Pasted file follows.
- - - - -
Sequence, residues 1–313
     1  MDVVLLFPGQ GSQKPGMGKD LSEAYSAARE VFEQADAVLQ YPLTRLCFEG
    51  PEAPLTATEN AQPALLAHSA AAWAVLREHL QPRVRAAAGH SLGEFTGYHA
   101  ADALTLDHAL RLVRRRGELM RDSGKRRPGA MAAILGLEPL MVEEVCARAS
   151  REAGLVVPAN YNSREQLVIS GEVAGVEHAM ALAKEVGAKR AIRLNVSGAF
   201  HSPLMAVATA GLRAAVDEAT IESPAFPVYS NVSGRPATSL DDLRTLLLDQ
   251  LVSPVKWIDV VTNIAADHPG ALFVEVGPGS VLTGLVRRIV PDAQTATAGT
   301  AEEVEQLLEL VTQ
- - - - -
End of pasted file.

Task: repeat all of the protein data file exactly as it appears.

Sequence, residues 1–313
     1  MDVVLLFPGQ GSQKPGMGKD LSEAYSAARE VFEQADAVLQ YPLTRLCFEG
    51  PEAPLTATEN AQPALLAHSA AAWAVLREHL QPRVRAAAGH SLGEFTGYHA
   101  ADALTLDHAL RLVRRRGELM RDSGKRRPGA MAAILGLEPL MVEEVCARAS
   151  REAGLVVPAN YNSREQLVIS GEVAGVEHAM ALAKEVGAKR AIRLNVSGAF
   201  HSPLMAVATA GLRAAVDEAT IESPAFPVYS NVSGRPATSL DDLRTLLLDQ
   251  LVSPVKWIDV VTNIAADHPG ALFVEVGPGS VLTGLVRRIV PDAQTATAGT
   301  AEEVEQLLEL VTQ